It’s a little thing, this cross on a chain that I have worn now for almost four years. A friend of mine said once that of all the people to wear a cross on a chain, I am the last one people who know me would expect. She said this, I think, because she knows I’m not a christian and am suspicious of easy symbols that aren’t grounded in a heartfelt, sincere, “authentic” reality. It’s not that I don’t respect the importance of symbols hanging from rear view mirrors–mine sports a butterfly–or that cheap, store-bought trinkets can’t be beautiful in the context of someone’s personal sacred space–I appreciate and honor anyone’s private use of symbols. I also recognize the beauty and spirituality of public symbols in holy and sacred spaces. A Guadalupe candle, a little Buddha, a rose. (Please no hearts, though, especially ones that are broken.)
This cross on my silver chain does not mean what most crosses on silver chains mean.
My cousin wears a white dove on a silver chain. She’s worn it since her mother died of cancer many years ago, in her loyal care. She says she hasn’t taken it off since. I only take mine off when I’m preparing for a massage, or the doctor says so. For my cousin, the dove is a spiritual symbol, a sign of her belief in the possibility of communication between this physical world and the world beyond. Her mother’s presence always there, against her breastbone.
My cross is more of a medium, like the dove, since it belonged to my son, who wore it for its more expected reasons. He was a spiritually searching person, who was baptized in the Russian Orthodox Church, became a Muslim for a short time, then returned to Christianity. At eighteen he was reading Edith Stein’s Science of the Cross, underlining passages in the Bible, writing poem-prayers.
On retreat at Gethsemani Abbey, age 18
I’m reminded of the good-luck pebble that the Lieutenant Cross carried under his tongue, in Tim O’Brien’s great story “The Things They Carried.” It’s a beautiful symbol for his loneliness, I think, which he mistakes as longing for Martha, who has written him though they don’t know each other well. The pebble, carried in that warm place, is both a distraction from the dangers of war and a kind of reminder of their humanity, perhaps even their wish just to be happy.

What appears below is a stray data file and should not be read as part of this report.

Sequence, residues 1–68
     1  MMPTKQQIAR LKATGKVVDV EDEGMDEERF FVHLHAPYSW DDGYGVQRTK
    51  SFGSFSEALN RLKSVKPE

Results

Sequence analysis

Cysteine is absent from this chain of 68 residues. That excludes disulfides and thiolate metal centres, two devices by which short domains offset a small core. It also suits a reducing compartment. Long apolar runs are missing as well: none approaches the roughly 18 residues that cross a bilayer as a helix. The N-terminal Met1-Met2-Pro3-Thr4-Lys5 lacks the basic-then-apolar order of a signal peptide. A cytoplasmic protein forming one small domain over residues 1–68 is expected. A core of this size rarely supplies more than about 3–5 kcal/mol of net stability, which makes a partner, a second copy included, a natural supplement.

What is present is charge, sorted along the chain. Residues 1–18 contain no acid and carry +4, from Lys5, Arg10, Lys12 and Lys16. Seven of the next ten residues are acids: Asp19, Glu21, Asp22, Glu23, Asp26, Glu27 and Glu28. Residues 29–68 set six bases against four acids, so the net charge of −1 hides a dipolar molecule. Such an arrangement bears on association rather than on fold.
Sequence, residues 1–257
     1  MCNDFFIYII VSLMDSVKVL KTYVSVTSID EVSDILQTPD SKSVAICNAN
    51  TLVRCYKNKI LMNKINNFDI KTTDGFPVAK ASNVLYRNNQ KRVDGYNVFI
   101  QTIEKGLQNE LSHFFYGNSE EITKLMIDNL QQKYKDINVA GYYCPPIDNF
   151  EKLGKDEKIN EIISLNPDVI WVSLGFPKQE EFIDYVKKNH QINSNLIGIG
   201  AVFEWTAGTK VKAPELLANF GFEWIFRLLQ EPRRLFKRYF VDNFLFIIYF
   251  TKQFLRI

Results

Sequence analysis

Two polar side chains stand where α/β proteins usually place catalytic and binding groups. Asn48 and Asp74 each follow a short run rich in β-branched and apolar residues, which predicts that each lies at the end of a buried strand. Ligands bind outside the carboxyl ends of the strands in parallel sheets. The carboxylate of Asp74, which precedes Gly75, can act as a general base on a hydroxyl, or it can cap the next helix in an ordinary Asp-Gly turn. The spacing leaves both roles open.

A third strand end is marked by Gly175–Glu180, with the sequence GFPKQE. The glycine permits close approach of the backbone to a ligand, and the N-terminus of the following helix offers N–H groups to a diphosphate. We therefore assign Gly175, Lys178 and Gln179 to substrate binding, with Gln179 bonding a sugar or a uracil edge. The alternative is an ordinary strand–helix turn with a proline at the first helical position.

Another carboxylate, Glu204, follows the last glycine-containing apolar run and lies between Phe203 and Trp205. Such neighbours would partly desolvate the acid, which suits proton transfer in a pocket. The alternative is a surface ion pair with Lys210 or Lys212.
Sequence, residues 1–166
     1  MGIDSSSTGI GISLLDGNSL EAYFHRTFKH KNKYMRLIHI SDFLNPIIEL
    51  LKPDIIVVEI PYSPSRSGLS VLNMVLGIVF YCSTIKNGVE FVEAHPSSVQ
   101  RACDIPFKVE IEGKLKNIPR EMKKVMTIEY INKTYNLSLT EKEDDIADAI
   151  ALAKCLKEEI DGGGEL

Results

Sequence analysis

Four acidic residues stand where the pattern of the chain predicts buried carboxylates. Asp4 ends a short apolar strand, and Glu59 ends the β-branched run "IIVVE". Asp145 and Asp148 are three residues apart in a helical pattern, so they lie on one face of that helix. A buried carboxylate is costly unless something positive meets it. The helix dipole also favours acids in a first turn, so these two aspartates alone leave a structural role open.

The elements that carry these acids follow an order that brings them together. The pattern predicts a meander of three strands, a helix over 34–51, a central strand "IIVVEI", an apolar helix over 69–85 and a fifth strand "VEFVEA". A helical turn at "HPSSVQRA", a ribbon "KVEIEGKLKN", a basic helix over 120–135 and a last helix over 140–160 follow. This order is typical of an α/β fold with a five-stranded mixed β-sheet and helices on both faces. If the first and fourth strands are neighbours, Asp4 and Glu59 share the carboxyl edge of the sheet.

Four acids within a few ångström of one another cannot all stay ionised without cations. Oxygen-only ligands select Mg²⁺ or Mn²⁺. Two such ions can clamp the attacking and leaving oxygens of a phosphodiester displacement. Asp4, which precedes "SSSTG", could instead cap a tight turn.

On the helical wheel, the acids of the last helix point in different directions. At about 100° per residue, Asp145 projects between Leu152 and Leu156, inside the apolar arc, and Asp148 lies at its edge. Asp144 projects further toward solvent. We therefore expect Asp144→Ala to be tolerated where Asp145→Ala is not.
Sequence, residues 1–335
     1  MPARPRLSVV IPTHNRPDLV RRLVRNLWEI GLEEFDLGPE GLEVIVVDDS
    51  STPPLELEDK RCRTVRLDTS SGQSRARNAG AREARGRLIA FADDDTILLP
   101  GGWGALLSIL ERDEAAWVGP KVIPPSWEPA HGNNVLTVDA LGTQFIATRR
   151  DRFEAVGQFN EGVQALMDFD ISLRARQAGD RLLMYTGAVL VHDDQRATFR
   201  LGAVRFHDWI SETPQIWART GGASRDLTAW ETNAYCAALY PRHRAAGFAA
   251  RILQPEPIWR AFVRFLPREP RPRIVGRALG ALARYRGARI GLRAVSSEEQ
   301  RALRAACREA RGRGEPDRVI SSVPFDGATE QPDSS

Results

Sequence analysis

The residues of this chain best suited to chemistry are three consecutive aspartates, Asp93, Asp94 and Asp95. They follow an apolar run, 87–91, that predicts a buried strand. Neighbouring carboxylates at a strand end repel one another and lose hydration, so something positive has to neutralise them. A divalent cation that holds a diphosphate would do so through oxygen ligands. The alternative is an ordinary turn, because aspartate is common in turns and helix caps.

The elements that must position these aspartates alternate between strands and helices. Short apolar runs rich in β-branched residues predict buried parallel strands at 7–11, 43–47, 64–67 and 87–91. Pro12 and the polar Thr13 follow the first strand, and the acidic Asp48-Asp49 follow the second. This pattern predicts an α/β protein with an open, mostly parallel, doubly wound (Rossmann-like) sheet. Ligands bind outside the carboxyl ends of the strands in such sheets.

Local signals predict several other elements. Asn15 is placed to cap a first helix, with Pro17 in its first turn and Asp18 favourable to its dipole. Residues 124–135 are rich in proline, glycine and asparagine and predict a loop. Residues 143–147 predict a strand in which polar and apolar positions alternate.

Some few days or weeks after Casey was shot, we found his cross on the floor of the sun room, where it had come off during the night. I placed it on a red string that had been blessed by the Dalai Lama, and put it around my neck.
Blessed by the Dalai Lama
The cross is cool this morning
as I lean forward and it falls
against my left breast.
I will warm it there
the pretty silver T on a red string
blessed by the Dalai Lama.
We found it where you slept one night
when you must have turned and pulled
the silver chain until it snapped.
I try to see you as you must have looked
the night we lost you,
the moments it took for the bullet to enter
your shoulder and ricochet off your rib
and pierce your lung and heart and lodge against your rib.
Such a great spiritual leader—surely
his blessed string could have entered you,
could have retraced the path of anger
could have threaded its way
back, back, back
and closed the unnecessary hole
could have pulled the metallic smell of absence out.
At the time, the surreal nature of reality led to my imagining the impossible–ways that something so final could perhaps be undone. Now it seems, from the vantage point of nearly four years, that retracing to heal, closing the wound, pulling out some lingering “smell” is still what I think the Dalai Lama or someone like him could do if only . . . Or maybe all this threading is what we’re doing ourselves on this long road towards . . . recovery and recovering our beloved.
What is the smell of absence? Usually it’s more a sound, a booming silence. A smell, they say, is the most lasting of senses, the one tied most closely to memory. What is the smell of this absence, and is it still metallic, the smell of a heated bullet?
I’m a certified terrible journal-keeper. I know several great journalers, people who have been writing and reflecting their way through life–some of them “writers” and some of them writers. Recently I was exchanging emails with the fabulous journaler and writer Kathleen Dean Moore (I’m not dropping names, honest–I had contacted her about possibly coming to speak at WKU). I mentioned that I was going to the Peruvian Amazon and she said something to the effect, “Oh, that must be such a wonderful opportunity for journaling.” It rather took my breath because a) she’s right and b) it’s another missed opportunity, which I immediately added to my very large collection. (By the way, I store these in an Earth-friendly shopping bag in my trunk underneath jumper cables, leaves, old sweatshirts, some crumpled concert programs, several plastic bottles waiting to be recycled, and an array of brown and white bags with who knows what additional decaying opportunities. I rarely look in the bag and for that matter don’t know if it’s still there.)
Another great journaler is my friend and colleague Trish, who has been keeping (and keeping) journals since she was a child. She too is a terrific writer, so I am sure that the connection between keeping journals and enhancing the craft of writing is profound. No end of books on “how to” would seem to affirm that. Other reasons for journaling, according to what I hear, include
2. finding out who we are, at this time, in this place
3. creating a record for our progeny (who may write term papers using our 20-something drama rambles as primary texts)
4. understanding what’s going on–without writing it down, it may just mish-mash in our minds, knocking into other things, bruising and rising to the surface distorted and betrayed
5. feeling the joy of letters and words flowing from the nib of a pen, magic
6. exercising our creative spirit so it doesn’t languish